My use case is extremely simple. Peak lineshape fitting to experimental data. Error bars on the data are known. A minimal example of a simple peak fit is shown below when working with `python`

and `lmfit`

:

```
"""
lorentzian.py
Generate noisy data that is Lorentzian in nature, fit a Lorentzian to the
data and report parameter uncertainties using LMFIT
"""
import numpy as np
import matplotlib.pyplot as plt
from lmfit import Model
np.random.seed(777)
def lorentzian(x, a, c, s):
L = (a / np.pi) * (s / ((x - c)**2 + s**2))
return L
"""true parameters"""
a = 10.0
c = 0.0
s = 0.02
x_data = np.linspace(-0.5, 0.5, 101)
noise = np.random.normal(0, 7, len(x_data))
y_data = lorentzian(x_data, a, c, s) + noise
dy_data = np.sqrt(y_data - noise) # assumed poissonian noise
data_xye = np.array([x_data, y_data, dy_data]).T
np.savetxt("lorentzian_peak.dat", data_xye, delimiter="\t")
"""fit with lmfit"""
model = Model(lorentzian)
model.nan_policy = "omit"
params = model.make_params(a=17.0, c=0.0, s=0.04)
fit_result = model.fit(y_data, params, x=x_data, weights=1.0/dy_data)
fit_ax = fit_result.plot_fit(numpoints=701, fit_kws={"lw":3})
fit_fig = plt.gcf()
fit_fig.suptitle("Lorentzian fit with LMFIT")
fit_fig.set_size_inches(11.7, 8.3)
"""fit statistics"""
fit_stats = fit_result.fit_report()
fit_ax.text(0.05, 0.5, fit_stats, transform=fit_ax.transAxes)
plt.tight_layout()
plt.savefig("lmfit_fit.pdf", dpi=300)
plt.show()
```

An analogous work flow in Julia is as follows:

```
"""
lorentzian.jl
Fit a Lorentzian using Optimization.jl
"""
using Optimization, OptimizationNLopt
using Plots
default(size=(1080, 720))
default(margin=5Plots.mm)
default(linewidth=3.5)
function lorentzian(x::Real, a::Real, c::Real, s::Real)::Float64
(a / pi) * (s / ((x - c)^2 + s^2))
end
function chisqr_lorentzian(u, p)::Float64
x_data = p[1]
y_data = p[2]
dy_data = p[3]
y_calc = [lorentzian(x, u...) for x in x_data]
sum( ((y_data .- y_calc) ./ dy_data) .^ 2 )
end
"""load data generated with python"""
dfile = open("lorentzian_peak.dat", "r")
x_data = Float64[]
y_data = Float64[]
dy_data = Float64[]
for line in eachline(dfile)
parts = split(line)
push!(x_data, parse(Float64, parts[1]))
push!(y_data, parse(Float64, parts[2]))
push!(dy_data, parse(Float64, parts[3]))
end
u0 = Float64[17, 0, 0.04]
data_xye = [x_data, y_data, dy_data]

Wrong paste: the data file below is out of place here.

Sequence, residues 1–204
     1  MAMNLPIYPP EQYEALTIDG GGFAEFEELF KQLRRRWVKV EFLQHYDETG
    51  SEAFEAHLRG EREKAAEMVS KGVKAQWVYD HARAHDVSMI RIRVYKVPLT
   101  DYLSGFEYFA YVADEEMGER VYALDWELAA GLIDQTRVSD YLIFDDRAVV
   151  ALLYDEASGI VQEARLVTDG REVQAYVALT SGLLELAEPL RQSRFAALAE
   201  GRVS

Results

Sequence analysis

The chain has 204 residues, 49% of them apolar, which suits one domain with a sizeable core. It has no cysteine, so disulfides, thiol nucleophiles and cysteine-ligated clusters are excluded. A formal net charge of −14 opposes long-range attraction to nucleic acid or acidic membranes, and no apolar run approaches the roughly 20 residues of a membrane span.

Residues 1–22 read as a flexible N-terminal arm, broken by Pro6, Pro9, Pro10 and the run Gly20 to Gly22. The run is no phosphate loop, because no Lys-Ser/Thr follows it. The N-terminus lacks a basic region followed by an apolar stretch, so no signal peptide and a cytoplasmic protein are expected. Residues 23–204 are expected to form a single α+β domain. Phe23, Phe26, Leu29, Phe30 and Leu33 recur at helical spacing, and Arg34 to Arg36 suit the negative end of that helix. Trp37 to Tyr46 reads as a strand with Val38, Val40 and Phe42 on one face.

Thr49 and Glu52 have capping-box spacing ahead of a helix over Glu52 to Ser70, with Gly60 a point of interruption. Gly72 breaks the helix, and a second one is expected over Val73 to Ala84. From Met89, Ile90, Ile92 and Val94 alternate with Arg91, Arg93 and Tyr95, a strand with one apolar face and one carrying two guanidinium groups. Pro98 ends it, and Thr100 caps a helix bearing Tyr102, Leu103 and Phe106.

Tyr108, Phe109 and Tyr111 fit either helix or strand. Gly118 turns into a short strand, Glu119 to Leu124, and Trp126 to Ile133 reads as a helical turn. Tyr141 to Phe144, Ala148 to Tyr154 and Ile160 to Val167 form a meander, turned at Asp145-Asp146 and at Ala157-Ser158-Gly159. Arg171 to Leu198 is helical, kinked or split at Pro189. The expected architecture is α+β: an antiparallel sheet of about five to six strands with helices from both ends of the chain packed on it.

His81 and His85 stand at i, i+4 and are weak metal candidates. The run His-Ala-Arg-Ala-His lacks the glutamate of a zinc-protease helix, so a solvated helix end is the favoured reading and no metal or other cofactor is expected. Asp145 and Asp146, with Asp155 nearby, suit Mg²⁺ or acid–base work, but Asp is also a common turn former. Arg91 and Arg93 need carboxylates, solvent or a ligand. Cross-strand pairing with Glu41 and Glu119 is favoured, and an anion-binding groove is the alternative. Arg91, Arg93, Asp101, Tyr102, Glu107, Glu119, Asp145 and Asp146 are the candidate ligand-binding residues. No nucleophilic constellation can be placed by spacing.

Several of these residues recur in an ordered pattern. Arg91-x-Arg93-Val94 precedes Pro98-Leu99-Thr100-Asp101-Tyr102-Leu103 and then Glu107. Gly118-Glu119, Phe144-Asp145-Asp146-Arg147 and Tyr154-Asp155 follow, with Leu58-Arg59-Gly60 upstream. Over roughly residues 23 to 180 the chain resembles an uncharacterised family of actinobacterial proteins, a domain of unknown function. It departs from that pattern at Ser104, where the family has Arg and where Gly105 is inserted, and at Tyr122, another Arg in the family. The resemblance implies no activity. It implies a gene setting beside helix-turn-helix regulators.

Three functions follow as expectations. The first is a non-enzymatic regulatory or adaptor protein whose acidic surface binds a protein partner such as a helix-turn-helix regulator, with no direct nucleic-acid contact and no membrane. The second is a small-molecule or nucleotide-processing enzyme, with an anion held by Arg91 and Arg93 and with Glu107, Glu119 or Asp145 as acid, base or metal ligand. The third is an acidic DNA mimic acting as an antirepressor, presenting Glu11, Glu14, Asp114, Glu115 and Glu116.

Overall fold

optfunc_lor = OptimizationFunction(chisqr_lorentzian)
optprob_lor = OptimizationProblem(optfunc_lor, u0, data_xye)
sol = solve(optprob_lor, NLopt.LN_NELDERMEAD())
s_names = ["amplitude", "center", "sigma"]
sol_str = [n*": "*string(u) for (n, u) in zip(s_names, sol)]
push!(sol_str, "FWHM: $(2*sol[3])")
p = plot(xlabel="x", ylabel="y", title="Lorentzian fit with Optimization.jl")
scatter!(p, x_data, y_data, yerr=dy_data, label="data")
plot!(p, x_data, [lorentzian(x, sol...) for x in x_data], label="fit")
annotate!(p, (-0.3, 100, join(sol_str, "\n")), annotatiohnalign=:left)
savefig(p, "optimization_fit.pdf")
```

The fit results naturally agree. Of course the added benefit of `lmfit`

is the calculated CI of the fit parameters from `scipy`

Â´s covariance matrix computation.

For my use case, in principle the Hessian can be calculated since for most lineshapes I work with, analytical expressions for the derivative of the model w.r.t. the fit parameters are straightforward to calculate.

I understand `Optimization.jl`

is not a statistics package per se, but it strikes me as odd that it optimizes very well but then it does not provide confidence interval for the optimized parameters (even in the Gaussian approximation) nor any goodness-of-fit metric beyond the value of the objective function at the found minimum.

I also understand that for more complex cases pushing a â€ś+/-â€ť on the usersâ€™ fit results willy-nilly is dangerous. However I would contend that *most* use cases are not *all* use cases.

This exact surprise is what I felt and what prompted me to start this conversation topic in the first place. And while `LsqFit`

is a counter-example, itâ€™s still quite disheartening to have to give up the whole amazing machinery of `Optimization.jl`

just because you want an error bar on your parameters post-fit.